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All Sky Camera Housing

After spotting a security camera dome on Ebay for a couple of pounds, I got around to building a housing for an all sky camera. I wanted to be able to leave the camera out all night for meteor watches and time lapse videos etc., so wanted to make sure it could survive a surprise change in weather. I considered a permanent mounting on the observatory, but because the roof folds, there wasn't enough height to mount it there. I also considered that I wanted it protected from extreme weather and UV, and the easiest way was making it removable.

The basic box is plywood, painted in waterproof PVA glue, then coated in thin cotton cloth, applied with waterproof PVA. A final coat of gloss exterior paint was then added.

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The camera mounts on a hinging tray, to allow fitting and focus adjustment before closing into the dome. The mount has two locating dowels on the side and a single bolt to hold it in place on the side of the observatory.
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I considered several locations for its mounting, but the first was the one chosen. This uses the play house roof to shield the camera from nearby street lights and allows the camera an almost completely unobscured view of the sky, as can be seen from the last image.
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The initial tests inside the dome showed up a couple of problems. Its position on the side of the observatory was chosen to use the playhouse roof to shield the camera from a nearby street light. This worked to some degree, but stray light reflecting off the house, and neighbours bedroom/bathroom lights turning on and off, reflected off the clear dome, spoiling the capture. A quick test solution was to cut a section of 6 inch postal tube to drop down over the clear dome. This reduced the field of view a little, but blocked stray light shining directly onto the dome.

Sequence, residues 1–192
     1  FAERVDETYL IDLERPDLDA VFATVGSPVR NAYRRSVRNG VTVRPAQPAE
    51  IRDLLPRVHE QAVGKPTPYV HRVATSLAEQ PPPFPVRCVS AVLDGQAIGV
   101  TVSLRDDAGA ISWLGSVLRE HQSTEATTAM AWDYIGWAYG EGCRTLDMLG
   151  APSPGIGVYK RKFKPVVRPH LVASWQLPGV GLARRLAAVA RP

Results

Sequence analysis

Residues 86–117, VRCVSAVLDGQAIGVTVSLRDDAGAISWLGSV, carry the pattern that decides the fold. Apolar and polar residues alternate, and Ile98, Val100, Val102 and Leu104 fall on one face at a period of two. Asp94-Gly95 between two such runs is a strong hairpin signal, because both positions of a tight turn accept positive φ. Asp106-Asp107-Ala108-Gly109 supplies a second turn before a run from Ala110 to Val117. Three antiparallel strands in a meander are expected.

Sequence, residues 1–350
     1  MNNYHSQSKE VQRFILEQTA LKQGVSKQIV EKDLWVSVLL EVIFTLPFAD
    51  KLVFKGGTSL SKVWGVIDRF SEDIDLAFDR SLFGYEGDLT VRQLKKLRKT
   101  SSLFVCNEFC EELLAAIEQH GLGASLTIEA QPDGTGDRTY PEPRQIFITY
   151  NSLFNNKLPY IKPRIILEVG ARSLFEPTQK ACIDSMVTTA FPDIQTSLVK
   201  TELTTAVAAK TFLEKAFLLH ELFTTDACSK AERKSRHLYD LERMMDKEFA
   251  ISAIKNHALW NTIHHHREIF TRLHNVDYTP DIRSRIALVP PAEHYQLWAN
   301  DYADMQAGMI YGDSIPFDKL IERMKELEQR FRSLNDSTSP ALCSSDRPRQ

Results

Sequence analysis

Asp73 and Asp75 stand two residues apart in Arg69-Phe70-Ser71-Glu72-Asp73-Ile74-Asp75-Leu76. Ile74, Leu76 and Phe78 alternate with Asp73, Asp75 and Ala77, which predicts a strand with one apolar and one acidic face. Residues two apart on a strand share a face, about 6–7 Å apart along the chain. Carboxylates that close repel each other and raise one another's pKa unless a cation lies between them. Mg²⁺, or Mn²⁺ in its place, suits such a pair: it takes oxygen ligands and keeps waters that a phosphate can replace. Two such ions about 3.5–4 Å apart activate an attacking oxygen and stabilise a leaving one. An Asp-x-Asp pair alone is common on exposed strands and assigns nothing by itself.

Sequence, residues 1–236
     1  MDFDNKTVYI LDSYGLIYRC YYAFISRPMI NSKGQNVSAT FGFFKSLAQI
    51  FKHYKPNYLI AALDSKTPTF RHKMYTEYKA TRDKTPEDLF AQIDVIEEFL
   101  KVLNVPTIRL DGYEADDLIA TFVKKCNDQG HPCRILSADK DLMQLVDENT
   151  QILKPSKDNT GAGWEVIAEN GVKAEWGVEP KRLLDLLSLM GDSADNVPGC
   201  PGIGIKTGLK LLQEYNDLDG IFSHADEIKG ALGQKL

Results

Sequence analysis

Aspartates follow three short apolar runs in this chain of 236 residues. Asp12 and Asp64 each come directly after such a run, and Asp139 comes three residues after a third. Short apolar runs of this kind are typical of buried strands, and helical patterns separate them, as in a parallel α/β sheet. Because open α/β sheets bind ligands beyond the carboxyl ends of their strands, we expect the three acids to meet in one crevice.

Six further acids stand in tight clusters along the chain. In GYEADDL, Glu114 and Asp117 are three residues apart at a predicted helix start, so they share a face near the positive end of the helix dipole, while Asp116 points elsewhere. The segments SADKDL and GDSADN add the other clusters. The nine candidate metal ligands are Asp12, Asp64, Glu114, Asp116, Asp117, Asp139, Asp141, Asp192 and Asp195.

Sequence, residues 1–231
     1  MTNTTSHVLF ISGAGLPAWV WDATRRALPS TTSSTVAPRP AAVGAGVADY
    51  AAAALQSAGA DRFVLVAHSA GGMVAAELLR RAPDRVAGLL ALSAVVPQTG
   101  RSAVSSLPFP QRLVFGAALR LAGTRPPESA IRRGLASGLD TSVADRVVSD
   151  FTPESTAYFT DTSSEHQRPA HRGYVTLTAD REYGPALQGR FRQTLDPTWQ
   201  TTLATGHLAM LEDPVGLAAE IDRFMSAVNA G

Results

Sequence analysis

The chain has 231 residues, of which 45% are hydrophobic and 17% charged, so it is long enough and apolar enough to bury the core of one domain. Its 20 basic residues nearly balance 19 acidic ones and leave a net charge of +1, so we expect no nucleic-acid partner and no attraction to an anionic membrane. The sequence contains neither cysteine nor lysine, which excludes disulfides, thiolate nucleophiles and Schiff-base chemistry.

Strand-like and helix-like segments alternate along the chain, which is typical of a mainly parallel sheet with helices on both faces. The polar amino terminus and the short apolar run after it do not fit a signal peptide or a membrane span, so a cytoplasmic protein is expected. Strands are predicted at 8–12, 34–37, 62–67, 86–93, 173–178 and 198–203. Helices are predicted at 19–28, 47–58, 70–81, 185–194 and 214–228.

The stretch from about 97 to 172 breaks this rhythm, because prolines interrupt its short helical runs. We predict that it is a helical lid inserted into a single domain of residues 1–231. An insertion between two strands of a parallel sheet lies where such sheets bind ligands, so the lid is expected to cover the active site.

The second problem was that after an hour or so, the dome started to fog and dew up, cutting visibility of the sky. I needed some dew heating of the dome. I didn't want to have to provide another power supply, but the light bulb moment was to use the waste heat from my laptop CPU.

I set to making the modifications. This involved cutting some warm air slots around the camera to allow the air into the dome. The observatory laptop is mounted in an aluminium carry case. The next modification was a wooden box behind the CPU outlet to direct the warm air into a flexi-hose. The other end of the hose was fitted into the camera box, and camera sensor and dome temperature testing was done on the patio. The tests showed promise, so I was then prepared to cut holes in the observatory for the warm air hose.

A new plastic light shield was cut to keep out stray light. A hole was cut in the obsy roof, and a piece of pipe glued in to link the flexi-hose to the removable camera box. A plastic cover keeps bugs out when the camera is not fitted. Inside the observatory roof, the flexi-hose plugs onto the tube glued into the roof, and the other end into the laptop outlet.

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That night, it was clear, so I set everything up and left it running over night. The next morning, I went out to check on things, and found the observatory roof covered in dew, but the dome was still clear! While there weren't a huge number of interesting targets that night ( no meteor shower! ), I caught a meteor, satellite, some airliners and helicopters, plus got a nice time lapse of 6 hours and 38 minutes of sky.
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